Writing lives

May 30, 2003

The Life You Save May Be Your Own: An American Pilgrimage.
By Paul Elie. Farrar, Straus & Giroux, 555 pp., $27.00.

Profound, original and entertaining, Paul Elie's new book weaves together the life and work of four 20th-century American Catholic writers: Dorothy Day, Thomas Merton, Flannery O'Connor and Walker Percy. Elie illuminates their literary achievement and makes clear that their spiritual search was far from parochial. He uncovers fascinating connections between his subjects and reminds us of what was going on in America as they passed through the various stages of their separate but interrelated pilgrimages.

The wide reading, interviewing and traveling that lie behind this book are impressive, especially since the result is never fussy or academic. Elie was on a pilgrimage of his own as he studied the four, concerned not just with the quality of their writing but with the meaning of their lives. Rather than making exaggerated claims for his subjects, he strove to understand their development as writers and to illuminate the complexities of religious experience in a rapidly changing society. He gives fresh, insightful critiques of specific books, shows how they fit into individual careers, and makes clear each writer's strengths and limitations.

Elie switches back and forth between his subjects, following the line of their development. He explores Dorothy Day's career as a left-wing journalist and bohemian; Flannery O'Connor's Catholic childhood in a deeply Protestant South; the melancholic and aristocratic family background of Walker Percy, whose father and grandfather both committed suicide; and Thomas Merton's years living with his artist father in a small French village. All four had to revise early decisions about their lives: Percy studied medicine in uptown Manhattan, while Merton dreamt of a literary career during his student days at Columbia--ambitions which were soon modified. Though there was a sense of religious yearning in Dorothy Day's early radicalism, painful wrenches in her personal life preceded her founding of the Catholic Worker movement; and serious illness forced Flannery O'Connor to return home to Milledgeville, Georgia, where she fulfilled her vocation by writing about the lives of the people around her.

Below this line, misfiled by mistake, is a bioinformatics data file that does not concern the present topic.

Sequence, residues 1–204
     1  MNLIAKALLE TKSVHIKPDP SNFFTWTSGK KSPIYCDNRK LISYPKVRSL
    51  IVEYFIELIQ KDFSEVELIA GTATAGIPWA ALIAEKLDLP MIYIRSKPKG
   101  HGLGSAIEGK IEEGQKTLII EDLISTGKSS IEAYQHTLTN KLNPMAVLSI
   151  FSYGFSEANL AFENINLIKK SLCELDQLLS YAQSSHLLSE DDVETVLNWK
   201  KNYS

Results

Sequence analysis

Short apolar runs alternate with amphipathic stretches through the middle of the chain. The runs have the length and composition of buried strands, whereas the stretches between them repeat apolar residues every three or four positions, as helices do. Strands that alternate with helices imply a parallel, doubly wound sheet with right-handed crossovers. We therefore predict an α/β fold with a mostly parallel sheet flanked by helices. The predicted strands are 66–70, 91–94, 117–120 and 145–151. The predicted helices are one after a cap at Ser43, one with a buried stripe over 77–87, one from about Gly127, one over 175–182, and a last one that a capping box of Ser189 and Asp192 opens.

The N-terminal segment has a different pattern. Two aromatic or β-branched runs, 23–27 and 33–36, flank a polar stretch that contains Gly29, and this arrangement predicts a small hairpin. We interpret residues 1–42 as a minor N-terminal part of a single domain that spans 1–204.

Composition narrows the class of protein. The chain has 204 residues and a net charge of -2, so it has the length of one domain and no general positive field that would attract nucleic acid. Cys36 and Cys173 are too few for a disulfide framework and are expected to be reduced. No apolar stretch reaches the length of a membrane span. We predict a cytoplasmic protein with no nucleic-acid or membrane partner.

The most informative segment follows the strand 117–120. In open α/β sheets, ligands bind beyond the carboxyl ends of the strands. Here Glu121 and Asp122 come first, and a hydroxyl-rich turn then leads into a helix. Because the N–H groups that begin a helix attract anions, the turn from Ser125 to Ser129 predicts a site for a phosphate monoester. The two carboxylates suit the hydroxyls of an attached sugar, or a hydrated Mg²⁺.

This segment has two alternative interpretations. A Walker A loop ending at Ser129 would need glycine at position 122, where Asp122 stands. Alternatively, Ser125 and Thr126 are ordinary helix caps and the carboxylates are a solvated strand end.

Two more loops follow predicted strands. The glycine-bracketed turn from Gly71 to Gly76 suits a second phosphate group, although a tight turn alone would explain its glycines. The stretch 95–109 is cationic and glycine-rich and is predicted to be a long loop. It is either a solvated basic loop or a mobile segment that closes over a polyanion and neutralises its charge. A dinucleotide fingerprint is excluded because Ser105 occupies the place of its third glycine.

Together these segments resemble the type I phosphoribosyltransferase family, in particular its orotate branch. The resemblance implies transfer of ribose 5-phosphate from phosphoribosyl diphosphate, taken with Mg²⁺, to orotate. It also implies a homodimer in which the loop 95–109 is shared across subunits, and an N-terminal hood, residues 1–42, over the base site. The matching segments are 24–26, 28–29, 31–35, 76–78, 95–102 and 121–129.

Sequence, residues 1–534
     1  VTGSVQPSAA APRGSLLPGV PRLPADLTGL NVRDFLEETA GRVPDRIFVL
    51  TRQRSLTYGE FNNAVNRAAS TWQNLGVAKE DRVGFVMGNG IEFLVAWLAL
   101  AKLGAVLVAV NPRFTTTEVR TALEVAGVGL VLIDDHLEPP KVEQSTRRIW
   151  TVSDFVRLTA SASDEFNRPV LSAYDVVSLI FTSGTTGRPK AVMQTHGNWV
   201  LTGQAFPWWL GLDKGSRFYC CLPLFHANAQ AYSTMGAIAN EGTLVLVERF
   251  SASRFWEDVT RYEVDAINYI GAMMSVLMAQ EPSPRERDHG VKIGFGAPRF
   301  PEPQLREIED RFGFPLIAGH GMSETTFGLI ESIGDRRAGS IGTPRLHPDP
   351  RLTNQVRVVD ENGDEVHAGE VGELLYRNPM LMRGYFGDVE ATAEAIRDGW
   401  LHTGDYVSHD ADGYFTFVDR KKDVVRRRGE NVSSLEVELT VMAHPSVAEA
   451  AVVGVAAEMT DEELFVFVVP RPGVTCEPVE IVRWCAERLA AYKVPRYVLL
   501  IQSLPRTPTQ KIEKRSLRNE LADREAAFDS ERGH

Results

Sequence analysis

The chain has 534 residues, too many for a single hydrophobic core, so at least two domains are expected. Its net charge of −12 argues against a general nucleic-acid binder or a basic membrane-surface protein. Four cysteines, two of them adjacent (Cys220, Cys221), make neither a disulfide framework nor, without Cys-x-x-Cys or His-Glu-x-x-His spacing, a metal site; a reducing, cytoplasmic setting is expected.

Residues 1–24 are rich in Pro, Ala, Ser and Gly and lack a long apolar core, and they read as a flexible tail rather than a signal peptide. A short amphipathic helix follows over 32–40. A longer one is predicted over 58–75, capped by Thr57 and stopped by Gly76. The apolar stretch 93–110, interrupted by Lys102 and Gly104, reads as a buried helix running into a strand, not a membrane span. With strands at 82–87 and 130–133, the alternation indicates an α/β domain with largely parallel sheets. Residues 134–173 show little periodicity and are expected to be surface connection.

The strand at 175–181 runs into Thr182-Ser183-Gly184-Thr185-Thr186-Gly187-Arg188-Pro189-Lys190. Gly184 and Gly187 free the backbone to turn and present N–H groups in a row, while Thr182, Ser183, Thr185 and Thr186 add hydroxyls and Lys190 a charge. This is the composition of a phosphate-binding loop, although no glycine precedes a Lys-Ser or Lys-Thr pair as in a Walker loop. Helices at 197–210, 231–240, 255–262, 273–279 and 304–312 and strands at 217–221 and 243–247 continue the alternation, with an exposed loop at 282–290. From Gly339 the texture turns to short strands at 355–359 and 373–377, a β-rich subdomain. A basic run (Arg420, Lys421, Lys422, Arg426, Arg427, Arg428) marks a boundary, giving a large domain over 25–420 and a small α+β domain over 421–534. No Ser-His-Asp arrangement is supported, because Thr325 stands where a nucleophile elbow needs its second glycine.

Elie is shrewd in assessing influences. Even before her own baptism Dorothy Day had a deep feeling for the working-class Catholic masses; later, her convert's yearning for sanctity was mixed with dissatisfaction at the way the church presented sanctity. This helps explain her sense of discovery in meeting Peter Maurin, the largely self-taught worker-philosopher who had developed his own Catholic social theories. As for Merton, his response to a visit to the Cloisters in New York City reflects the impulse to find and inhabit another world. The Seven Storey Mountain became so successful because it was the first book "to speak with authority about American Catholicism" and because it is a firsthand account of one person's religious experience. Its overwhelming popularity encouraged Merton's religious superior to keep giving him writing assignments, while Merton felt the book had created a false self. Meanwhile, Percy, who had decided to specialize in psychiatry, contracted tuberculosis; as a convalescent he read Dostoevsky and the existentialists and felt drawn to writing rather than to doctoring. His deep sense of alienation at first left him without a sense of direction, but he finally determined to get married, try to be a writer and become a Catholic.